|Image courtesy of Lionsgate.|
To be fair, the film's earliest passages are the best. These involve Shakur's boyhood in the Bronx, Baltimore and, eventually, Oakland, where he moved with his sister after his mother became hooked on drugs. Earlier, Afeni Shakur (played here with aplomb by Danai Gurira) had been a Black Panther and outspoken revolutionary who challenged the U.S. legal system and her advocacy could be among the things that sparked outspokenness in her son.
As he grows up, Shakur is played by Demetrius Shipp Jr., who - despite being forced to contend with a script that prefers speechifying and melodrama over characterization - does a pretty decent job of capturing the rapper - in his anger, occasionally surprising tenderness and swagger.
One of the film's greatest faults is using an interview Tupac gave in jail to a journalist as a framing device throughout the picture. In the hands of a stronger filmmaker, this type of device could work, but director Benny Boom mostly uses it as a means to allow Shakur to provide running commentary on things that we already knew about him.
Even more poorly thought out is a sequence during which Tupac dances at a club with a young woman who later accused him of rape - this film charges that several of his entourage were involved in the assault while he slept in the next room. The most unfortunate element of the sequence is that Tupac dances with the woman to R. Kelly's "Seems Like You're Ready." Regardless of the truth of the situation, I'd imagine the filmmakers could have found a better song to accompany the scene.
Also, one of the most fascinating elements of Tupac that goes unexplored is his contradictory persona. As a young student, he was fascinated by Shakespeare and studied ballet, poetry, jazz and acting. His lyrics displayed a thoughtfulness and political consciousness that many of his peers attempted to plagiarize. In one song, he might brag about rendezvous with loose women, while in the next tell single mothers to keep their heads up or praise his mother - as in the heartfelt "Dear Mama" - for her struggles and even admit that he was wrong for how he had previously perceived her. In "All Eyez on Me," Tupac is merely reduced to an impersonation.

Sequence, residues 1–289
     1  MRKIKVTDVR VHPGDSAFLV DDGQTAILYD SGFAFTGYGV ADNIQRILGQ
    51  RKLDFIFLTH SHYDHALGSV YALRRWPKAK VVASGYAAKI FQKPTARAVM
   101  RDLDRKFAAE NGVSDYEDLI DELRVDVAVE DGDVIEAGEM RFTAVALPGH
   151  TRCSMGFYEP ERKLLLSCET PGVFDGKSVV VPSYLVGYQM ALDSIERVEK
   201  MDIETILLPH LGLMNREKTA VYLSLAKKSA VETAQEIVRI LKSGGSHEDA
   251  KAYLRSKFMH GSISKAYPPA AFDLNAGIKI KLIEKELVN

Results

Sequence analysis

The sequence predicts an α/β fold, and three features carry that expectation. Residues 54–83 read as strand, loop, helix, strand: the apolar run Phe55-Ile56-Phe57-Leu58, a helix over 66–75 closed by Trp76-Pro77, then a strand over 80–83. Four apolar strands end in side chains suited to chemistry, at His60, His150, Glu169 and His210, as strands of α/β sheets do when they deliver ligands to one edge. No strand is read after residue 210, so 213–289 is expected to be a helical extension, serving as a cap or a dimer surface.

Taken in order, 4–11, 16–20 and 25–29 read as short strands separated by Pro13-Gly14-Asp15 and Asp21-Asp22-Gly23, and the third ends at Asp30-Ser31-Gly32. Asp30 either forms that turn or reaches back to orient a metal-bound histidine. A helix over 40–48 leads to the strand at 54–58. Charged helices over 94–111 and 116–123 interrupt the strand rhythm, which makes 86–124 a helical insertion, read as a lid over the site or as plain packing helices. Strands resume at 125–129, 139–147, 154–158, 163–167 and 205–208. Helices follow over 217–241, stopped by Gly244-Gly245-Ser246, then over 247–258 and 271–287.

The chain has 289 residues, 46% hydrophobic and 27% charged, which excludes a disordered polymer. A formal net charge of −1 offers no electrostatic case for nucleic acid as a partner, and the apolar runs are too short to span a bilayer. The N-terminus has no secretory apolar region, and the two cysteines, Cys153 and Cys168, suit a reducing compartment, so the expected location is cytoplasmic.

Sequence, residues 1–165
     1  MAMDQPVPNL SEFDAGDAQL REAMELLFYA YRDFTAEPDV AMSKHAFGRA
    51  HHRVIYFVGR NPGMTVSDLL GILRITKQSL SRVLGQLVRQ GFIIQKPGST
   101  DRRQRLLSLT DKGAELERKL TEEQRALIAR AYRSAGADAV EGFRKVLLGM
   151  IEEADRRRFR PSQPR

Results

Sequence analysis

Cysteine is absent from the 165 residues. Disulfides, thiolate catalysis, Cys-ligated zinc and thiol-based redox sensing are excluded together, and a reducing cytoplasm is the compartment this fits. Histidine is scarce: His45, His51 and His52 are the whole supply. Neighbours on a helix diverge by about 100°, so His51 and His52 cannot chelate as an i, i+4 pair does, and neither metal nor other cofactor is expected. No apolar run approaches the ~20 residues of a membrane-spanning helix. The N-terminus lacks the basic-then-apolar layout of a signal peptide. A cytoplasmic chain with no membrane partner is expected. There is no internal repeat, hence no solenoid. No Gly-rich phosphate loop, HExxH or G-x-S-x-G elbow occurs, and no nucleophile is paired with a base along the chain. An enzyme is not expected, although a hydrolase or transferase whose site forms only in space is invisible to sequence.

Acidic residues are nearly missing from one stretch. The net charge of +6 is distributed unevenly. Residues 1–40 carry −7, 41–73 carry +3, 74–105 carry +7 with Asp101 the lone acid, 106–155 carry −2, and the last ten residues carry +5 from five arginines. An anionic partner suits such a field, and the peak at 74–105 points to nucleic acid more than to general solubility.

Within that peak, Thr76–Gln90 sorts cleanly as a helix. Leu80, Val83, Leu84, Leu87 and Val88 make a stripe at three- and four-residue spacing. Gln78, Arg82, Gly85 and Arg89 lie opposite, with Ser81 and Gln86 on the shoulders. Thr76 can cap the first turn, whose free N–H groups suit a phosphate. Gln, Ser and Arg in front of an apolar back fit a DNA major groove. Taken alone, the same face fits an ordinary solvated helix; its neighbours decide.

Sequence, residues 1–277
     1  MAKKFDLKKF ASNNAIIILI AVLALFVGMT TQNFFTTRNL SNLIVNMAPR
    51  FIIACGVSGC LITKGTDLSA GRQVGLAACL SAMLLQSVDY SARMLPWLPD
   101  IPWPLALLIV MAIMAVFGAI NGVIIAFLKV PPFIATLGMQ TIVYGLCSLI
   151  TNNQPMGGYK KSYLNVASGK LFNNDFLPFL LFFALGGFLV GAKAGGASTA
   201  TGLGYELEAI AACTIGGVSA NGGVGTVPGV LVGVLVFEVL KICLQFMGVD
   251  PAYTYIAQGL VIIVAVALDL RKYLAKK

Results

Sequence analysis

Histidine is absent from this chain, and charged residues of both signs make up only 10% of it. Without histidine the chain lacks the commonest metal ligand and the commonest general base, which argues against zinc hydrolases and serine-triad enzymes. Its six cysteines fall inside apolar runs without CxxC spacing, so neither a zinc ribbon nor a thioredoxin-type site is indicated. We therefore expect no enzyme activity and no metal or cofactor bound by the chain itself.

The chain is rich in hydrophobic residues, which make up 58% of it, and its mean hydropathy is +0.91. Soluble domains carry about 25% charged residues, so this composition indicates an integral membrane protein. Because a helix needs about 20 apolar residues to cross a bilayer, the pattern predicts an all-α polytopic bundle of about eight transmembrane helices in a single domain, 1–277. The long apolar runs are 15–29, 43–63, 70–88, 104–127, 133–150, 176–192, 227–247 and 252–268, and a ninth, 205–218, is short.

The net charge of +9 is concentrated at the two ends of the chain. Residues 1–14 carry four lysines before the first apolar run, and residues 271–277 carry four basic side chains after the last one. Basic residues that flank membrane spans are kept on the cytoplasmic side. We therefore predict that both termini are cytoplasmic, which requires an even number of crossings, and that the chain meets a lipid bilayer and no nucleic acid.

The element that made "Straight Outta Compton" so invigorating was not only its chronicle of N.W.A., a highly controversial hip hop group that gave birth to the careers of Dr. Dre and Ice Cube, but how their rise came at a time when race relations appeared ready to explode (Rodney King, the L.A. riots and, shortly thereafter, the OJ Simpson trial). Their story was set against that backdrop, making the film not only the best hip hop biopic to date, but also the best music biopic (in my opinion) since Todd Haynes' adventurous "I'm Not There."
But "All Eyez on Me" is merely content on focusing on the drama - especially that which takes place at Death Row Records under the watchful eyes of Suge Knight (Dominic L. Santana, oozing menace), who runs the business like a gangster. Other such figures - Dr. Dre, for instance - get brief walk-on parts, while the guy who plays Snoop Dogg merely does a great job of imitating his voice. Even the devastating feud between Tupac and Biggie seems like an after thought.
In other words, Tupac Shakur deserves a better biopic than this one. It's not a bad film - and has some decent moments, especially between Tupac and his mother - but a missed opportunity. Shakur is among the most fascinating hip hop icons and his story is so multi-faceted that it would appear difficult to capture his entire essence in one movie. My hope is that someone else tries and has better luck.